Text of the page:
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ALGER v. WERNER

UNITED STATES DISTRICT COURT FOR THE MIDDLE DISTRICT OF PENNSYLVANIA


October 7, 1974

John Thomas ALGER et al., Plaintiffs,
v.
Stewart WERNER, Commissioner, Pennsylvania Bureau of Corrections, Department of Justice, Camp Hill, Pennsylvania, et al., Defendants

Muir, District Judge.

The opinion of the court was delivered by: MUIR

MUIR, District Judge.

John Alger and Rodney Wagner are inmates at the State Correctional Institution at Rockview. Both are residents of the East Wing of the Institution and are in general population status. The East Wing consists of eight tiers. Six of those tiers house general-population residents. One tier houses pre-trial detainees and holdover prisoners. Tier B contains the euphemistic Behavior Adjustment Unit as well as the Administrative Custody areas. According to the Administrative Directive, BC-ADM 801 entitled "Adjustment of Behavior" and issued by the Department of Justice of the Commonwealth of Pennsylvania, "Administrative Custody" is for residents requiring closer supervision or protection than is provided in the general population. The "Behavior Adjustment Unit" is for residents found to have committed major acts of misconduct or for residents who require close custody in order to assure the protection of themselves and others. Alger and Wagner assert that the individuals incarcerated in the Behavior Adjustment Unit and the Administrative Custody areas harass and disturb inmates in the general population who are also incarcerated in the East Wing. Alger and Wagner contend that this harassment is so severe as to deprive the general population residents of adequate sleep. It is their contention that the Defendants' failure to curtail the disturbances or to take measures to separate the general population from the inmates subject to disciplinary measures violates their constitutional right to be free from cruel and unusual punishments.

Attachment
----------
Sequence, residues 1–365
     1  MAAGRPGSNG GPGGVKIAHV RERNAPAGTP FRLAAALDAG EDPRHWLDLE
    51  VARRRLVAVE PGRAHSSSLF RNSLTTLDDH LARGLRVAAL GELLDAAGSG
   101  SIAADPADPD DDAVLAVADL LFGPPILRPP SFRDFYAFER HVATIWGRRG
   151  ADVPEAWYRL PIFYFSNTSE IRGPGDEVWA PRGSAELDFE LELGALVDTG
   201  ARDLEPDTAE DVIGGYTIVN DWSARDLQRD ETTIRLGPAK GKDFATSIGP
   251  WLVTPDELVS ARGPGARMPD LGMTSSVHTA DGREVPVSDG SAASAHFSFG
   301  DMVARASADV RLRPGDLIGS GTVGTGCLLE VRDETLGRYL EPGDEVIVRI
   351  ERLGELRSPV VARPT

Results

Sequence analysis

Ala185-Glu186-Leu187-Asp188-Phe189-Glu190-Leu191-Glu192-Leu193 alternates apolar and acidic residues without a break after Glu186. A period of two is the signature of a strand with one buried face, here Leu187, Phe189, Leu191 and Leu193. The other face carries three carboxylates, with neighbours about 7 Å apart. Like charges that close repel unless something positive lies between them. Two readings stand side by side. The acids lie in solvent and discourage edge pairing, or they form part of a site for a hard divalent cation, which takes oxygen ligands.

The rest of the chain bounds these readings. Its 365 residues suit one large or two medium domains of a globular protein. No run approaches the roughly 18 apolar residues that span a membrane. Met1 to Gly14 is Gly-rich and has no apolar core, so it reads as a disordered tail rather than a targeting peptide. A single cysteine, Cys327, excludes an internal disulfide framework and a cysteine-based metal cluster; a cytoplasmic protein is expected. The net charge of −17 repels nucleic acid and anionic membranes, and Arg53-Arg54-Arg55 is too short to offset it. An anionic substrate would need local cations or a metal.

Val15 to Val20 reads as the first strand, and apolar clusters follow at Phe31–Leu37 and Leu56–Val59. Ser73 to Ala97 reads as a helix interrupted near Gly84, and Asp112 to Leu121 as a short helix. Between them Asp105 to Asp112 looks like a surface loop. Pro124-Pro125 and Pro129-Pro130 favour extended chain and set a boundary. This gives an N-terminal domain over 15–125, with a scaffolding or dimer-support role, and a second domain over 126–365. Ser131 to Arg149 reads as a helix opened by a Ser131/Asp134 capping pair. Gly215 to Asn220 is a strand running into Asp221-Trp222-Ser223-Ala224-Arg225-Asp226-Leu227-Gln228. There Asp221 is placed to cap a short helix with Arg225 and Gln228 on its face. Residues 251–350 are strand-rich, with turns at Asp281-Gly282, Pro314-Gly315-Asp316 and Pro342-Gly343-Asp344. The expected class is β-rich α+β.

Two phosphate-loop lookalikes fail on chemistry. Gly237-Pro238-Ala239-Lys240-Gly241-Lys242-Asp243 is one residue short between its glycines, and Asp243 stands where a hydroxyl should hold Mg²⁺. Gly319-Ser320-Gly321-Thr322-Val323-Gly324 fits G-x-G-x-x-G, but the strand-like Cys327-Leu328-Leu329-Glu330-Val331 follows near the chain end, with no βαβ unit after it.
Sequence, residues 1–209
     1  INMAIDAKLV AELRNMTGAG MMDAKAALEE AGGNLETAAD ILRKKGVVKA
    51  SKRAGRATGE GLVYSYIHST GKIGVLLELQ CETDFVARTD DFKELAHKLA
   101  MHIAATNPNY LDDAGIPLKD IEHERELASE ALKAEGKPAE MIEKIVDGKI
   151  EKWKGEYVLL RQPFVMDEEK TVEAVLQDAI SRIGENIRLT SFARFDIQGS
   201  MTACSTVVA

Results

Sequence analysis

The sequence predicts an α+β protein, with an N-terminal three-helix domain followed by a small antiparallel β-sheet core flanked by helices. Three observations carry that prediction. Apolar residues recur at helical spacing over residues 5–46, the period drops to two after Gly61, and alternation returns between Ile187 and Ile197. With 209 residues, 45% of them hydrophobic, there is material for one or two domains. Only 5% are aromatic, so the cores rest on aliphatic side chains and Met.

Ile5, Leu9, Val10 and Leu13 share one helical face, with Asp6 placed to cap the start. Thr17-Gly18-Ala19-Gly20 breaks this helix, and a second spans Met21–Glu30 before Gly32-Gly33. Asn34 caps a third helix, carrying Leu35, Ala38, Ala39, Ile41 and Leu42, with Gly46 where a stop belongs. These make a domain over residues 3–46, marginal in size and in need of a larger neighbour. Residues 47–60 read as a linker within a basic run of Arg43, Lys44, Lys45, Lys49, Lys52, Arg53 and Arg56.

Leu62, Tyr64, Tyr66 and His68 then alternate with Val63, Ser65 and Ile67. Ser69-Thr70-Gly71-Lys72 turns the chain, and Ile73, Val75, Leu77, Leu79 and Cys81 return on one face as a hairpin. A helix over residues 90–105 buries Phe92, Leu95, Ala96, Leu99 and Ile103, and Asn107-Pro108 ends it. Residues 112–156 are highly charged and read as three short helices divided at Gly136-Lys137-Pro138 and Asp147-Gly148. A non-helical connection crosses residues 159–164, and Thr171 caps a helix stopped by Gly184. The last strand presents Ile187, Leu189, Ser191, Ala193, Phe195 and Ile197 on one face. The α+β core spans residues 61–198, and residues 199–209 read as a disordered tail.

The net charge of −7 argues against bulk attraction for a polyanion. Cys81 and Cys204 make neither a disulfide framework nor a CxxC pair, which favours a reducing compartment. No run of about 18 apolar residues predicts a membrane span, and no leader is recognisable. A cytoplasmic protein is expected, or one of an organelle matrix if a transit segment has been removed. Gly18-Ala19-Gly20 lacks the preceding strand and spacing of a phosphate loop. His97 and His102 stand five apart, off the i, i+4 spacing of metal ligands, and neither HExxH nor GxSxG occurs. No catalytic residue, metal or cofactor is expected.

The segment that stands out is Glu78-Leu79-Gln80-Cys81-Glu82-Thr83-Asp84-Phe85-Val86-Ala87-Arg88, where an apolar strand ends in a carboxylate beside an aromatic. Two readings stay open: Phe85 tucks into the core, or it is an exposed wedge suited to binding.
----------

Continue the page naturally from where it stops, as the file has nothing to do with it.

The Defendants have filed a motion to dismiss contending that the complaint fails to state a claim upon which relief can be granted. On January 10, 1975, the Court directed the Defendants to conduct an administrative inquiry into the circumstances which form the basis of the petition. The Response to that Order was filed on February 14, 1975. On February 21, 1975, Alger and Wagner filed a "Motion for Copy of Investigation". After allowing 15 days for a response by the Defendants, the Court ascertained that the Commonwealth did not oppose that motion and, on March 11, 1975, the Court ordered Defendants to provide within 10 days copies to Alger and Wagner of the Response to the Court's Order of February 14, 1975. The court has allowed the Plaintiffs sufficient time to respond to the matters contained in the Administrative Investigation Response. The matter is now ripe for decision.

 This petition states a ground for relief which has not as yet been specifically considered by any other federal court. As stated in our Order of January 10, 1975, for this situation to rise to the extreme status of cruel and unusual punishment, the Plaintiffs would have to demonstrate that the deprivation of sleep is detrimental to their health and that the Defendants have taken no action to counteract the disturbance. Cf. Gittlemacker v. Prasse, 428 F.2d 1, (3d Cir. 1970) and Sostre v. McGinnis, 442 F.2d 178, 185 (2d Cir. 1971). This the Court does not find. Defendants do not deny the existence of the situation described by Alger and Wagner. But it is apparent from their unrebutted Administrative Response that they have not been oblivious to the matters raised by this petition. Steps have been taken in an attempt to alleviate the severity of the disturbances caused by inmates in the special behavioral sections. The Court does not find that the failure of these measures to eliminate the problem amounts to cruel and unusual punishment being perpetrated against Alger and Wagner by the named Defendants. Despite the disturbances, the Petitioners, according to their own allegations, are nonetheless able to obtain an average of six hours sleep a night. That situation in no way approximates the pattern of unchecked violence by fellow inmates which was held to amount to cruel and unusual punishment in Holt v. Sarver, 309 F. Supp. 362 (E.D.Ark.1970), affirmed 442 F.2d 304 (8th Cir. 1971). Nor is there an allegation of an unreasonable failure to provide security to a particular inmate as in Penn v. Oliver, 351 F. Supp. 1292 (E.D.Va.1972). Consequently, the petition will be dismissed.

 In its Order of January 10, 1975, the Court also made reference to the possibility that the housing conditions at Rockview are in contravention of the regulations promulgated in Administrative Directive BC-ADM 801, cited above. The Court finds that the conditions do not contravene the regulation set forth in Part VI entitled "Care and Treatment". Paragraph B of that section requires only that the Behavior Adjustment Unit be in a separate cellblock. It does not require that it be in a separate building, although that is recommended.

 An appropriate order will be entered.

19741007

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